Search This Blog

Thursday, August 15, 2013

We have moved!

Feeding Two Growing Boys has a new home!

Please click here to redirect you to our new address.

Look forward to seeing you on our new page (all posts from this page have been transferred to our new page also)


Saturday, July 27, 2013

Book Review - The Autoimmune Paleo Cookbook by Mickey Trescott

Master 3's healing journey living the Paleo lifestyle (whilst being allergic to wheat/eggs/dairy/nuts and more, as well as having intolerances to a host of other foods) has been a positive one. He is no longer the itchy, covered in eczema child he once was and he is sleeping again and no longer in constant pain.

Lachlan had been gluten free for as long as I could remember then passed his wheat challenge as a baby only to be diagnosed this year with a IgE wheat allergy (again) after I asked for him to be retested for wheat as I knew something wasn't quite right.

I had also had independant IgG testing done through our Naturopath in December 2012 and wheat and a host of other items (like rice and legumes) came up as intolerances which is when we transitioned slowly to Paleo.  

Interestingly many of the IgG responses we received when retested as IgE allergies in May this year at Westmead Childrens Hospital Allergy/Eczema clinic also came up positive allergies). 
(Read more about our story here -

Even though he was thriving on Paleo and his eczema was disappearing before our eyes now that grains had been removed something still wasn't quite right. This lead me to yet more research and I stumbled across a diet called the "Autoimmune Paleo Protocol" online. 

This protocol removes additional items such as eggs, nuts, seeds and nightshades which are all included in the normal Paleo diet. 

Lachlan although he was not eating eggs or nuts due to his anaphylactic allergies to these items, was still consuming seeds and nightshades almost everyday in some form. Upon removing these items from his diet we saw a vast improvement in his energy levels, sleeping patterns, recovering from illness time and in his skin which was already doing really well since removing grains, legumes and pseudo grains like quinoa. His gut was finally getting the break it needed and it was showing on the outside. 

Since I had always cooked with seeds (including things like mustard), and especially nightshades (tomatoes, eggplants, potatoes, capsicum) I hit a wall as to how to prepare food for Lachlan and still have variety (especially since he can only consume chicken and fish as his protein due to being beef intolerant and wasn't really tolerating lamb either as a baby so we removed this also).

It was then I came across this book. The Autoimmune Paleo Cookbook by Mickey Trescott, which made the transition from Paleo to Autoimmune Paleo so much easier! 

(You can follow Mickey on Facebook and online at )

The book at this stage is only available as a PDF download from Mickey's website (details provided at end of blog post) but she is looking to have it printed in the future. 

Mickey herself is a chef and a Nutritional therapy practitioner who was vegan for quite sometime and then was diagnosed with Celiac and Hashimotos disease - both autoimmune conditions. She found her health deteriorating and introduced fish to her diet and then transitioned from vegan to Paleo slowly reversing mineral and vitamin deficiencies and then came across the Autoimmune Protocol herself which she credits to "making her feel like a real person again".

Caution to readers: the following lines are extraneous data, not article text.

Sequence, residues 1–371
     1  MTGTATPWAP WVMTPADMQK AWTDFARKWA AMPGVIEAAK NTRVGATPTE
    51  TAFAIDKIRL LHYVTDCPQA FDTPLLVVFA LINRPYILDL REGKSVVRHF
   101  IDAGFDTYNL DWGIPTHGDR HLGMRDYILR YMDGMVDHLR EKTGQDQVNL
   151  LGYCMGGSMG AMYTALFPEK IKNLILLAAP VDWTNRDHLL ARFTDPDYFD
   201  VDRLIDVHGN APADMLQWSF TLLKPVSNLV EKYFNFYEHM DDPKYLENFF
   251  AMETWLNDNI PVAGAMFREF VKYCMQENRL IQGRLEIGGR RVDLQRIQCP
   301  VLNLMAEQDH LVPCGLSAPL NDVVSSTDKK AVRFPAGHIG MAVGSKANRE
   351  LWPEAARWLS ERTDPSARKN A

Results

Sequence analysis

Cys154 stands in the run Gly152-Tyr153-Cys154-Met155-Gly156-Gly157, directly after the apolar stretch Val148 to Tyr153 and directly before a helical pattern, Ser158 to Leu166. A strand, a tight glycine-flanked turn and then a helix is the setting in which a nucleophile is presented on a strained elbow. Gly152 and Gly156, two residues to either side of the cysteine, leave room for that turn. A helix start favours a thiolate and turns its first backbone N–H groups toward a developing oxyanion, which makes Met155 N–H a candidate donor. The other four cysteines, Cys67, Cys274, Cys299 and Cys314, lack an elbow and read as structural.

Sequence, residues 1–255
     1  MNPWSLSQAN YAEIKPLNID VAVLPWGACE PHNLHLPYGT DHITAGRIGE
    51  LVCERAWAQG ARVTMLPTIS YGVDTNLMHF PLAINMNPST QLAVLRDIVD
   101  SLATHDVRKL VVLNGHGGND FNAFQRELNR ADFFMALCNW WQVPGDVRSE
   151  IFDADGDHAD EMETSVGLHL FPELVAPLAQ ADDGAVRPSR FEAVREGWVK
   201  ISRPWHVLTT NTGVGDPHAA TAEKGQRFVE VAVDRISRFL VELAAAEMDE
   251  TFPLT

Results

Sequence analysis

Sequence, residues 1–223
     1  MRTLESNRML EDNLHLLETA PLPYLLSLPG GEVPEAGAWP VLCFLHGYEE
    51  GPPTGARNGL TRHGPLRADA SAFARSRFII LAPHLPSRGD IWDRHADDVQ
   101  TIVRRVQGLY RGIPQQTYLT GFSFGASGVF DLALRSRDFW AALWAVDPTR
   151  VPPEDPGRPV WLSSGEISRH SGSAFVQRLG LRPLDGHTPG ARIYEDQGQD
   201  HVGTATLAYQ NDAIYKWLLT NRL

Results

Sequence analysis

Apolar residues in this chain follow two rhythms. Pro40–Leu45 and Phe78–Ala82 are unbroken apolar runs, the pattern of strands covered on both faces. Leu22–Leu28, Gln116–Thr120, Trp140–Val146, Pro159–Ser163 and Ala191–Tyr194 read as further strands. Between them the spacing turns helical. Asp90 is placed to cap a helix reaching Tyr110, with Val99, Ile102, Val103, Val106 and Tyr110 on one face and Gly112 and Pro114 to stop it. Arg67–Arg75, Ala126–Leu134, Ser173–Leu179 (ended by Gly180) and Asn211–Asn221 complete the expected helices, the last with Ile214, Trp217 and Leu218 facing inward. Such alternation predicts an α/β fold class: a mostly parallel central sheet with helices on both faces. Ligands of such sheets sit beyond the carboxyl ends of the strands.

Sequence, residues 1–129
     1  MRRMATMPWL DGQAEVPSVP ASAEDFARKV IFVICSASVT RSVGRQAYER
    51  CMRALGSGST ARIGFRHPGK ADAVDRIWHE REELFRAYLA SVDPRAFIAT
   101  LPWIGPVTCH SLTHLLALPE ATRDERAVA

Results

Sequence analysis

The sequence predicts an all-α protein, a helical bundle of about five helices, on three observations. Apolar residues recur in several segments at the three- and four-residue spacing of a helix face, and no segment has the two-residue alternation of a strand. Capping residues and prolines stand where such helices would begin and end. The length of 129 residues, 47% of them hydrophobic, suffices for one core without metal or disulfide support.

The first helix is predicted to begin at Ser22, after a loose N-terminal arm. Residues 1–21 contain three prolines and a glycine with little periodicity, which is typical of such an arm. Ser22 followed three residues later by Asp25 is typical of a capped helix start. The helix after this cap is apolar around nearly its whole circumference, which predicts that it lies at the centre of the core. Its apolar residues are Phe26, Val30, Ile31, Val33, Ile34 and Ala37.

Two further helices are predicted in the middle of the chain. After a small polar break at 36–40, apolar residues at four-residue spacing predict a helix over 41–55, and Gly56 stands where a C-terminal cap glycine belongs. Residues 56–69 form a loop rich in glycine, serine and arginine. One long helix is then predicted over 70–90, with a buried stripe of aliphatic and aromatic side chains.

This lead her to doing extensive research on the Autoimmune Protocol and therefore using her chef skills to prepare this Ecookbook to help others out in managing their autoimmune conditions.

The book itself includes over 100 AIP (Autoimmune Protocol Paleo) friendly recipes which are all free from dairy, eggs, nuts, grains, beans and nightshades - all foods which cross the gut lining causing further inflammation in a already ravaged leaky gut - something we all have to some degree but those with autoimmune conditions most certainly have.

Mickey has also included great lists such as these (below) which are nice and easy to print and stick on the fridge/pantry as a quick reference as to what to include and what to avoid on the AIP protocol. 

Even though we have been following this protocol for some time and I live and breathe these lists, they are still stuck on our fridge as a constant reminder!

The book also includes 2 x  4 week meal plans and shopping lists making it perfect for those of you who are time poor or hate meal planning or just starting out and a little overwhelmed as to where to begin. 

The book covers basics like making bone broths for the recipes, Kombucha, kefir, coconut milk/cream and covers all meal categories - Appetizers, Beverages, Dressings/Sauces, Salads, Soups (Beet & Fennel is Master 3's favorite - he has named this Dragon Blood soup), Vegetables, Chicken, Seafood, Beef and Lamb and of course desserts - yes you can even eat yummy desserts on the AIP protocol such as this beautiful Coconut Raspberry "Cheesecake" which Mickey has allowed me to publish here for you along with her super yummy Coconut crusted Cod recipe.  

Coconut Raspberry "Cheesecake"

Crust Ingredients:
  • 3 cups dates pitted and soaked for 5 minutes in warm water
  • 1 cup coconut oil melted
  • 1/3 cup coconut flour 
  • 1/3 cup shredded coconut 
  • 1/8 teaspoon salt
Filling ingredients:
  • 1 1/2 cups raw honey 
  • 1 1/2 cups coconut butter (a.k.a. coconut cream concentrate –Mickey has a recipe for homemade coconut butter in her book.
  • 1 cup coconut oil 
  • 5 cups frozen raspberries
  • 6 tablespoons tapioca starch 
  • 1 1/2 teaspoons vanilla extract 
  • 1/4 teaspoon salt
  • fresh raspberries for garnish
  • thick coconut flakes for garnish
1. Place the jars of coconut oil, coconut butter and raw honey in a pan with very hot water in order to let them soften.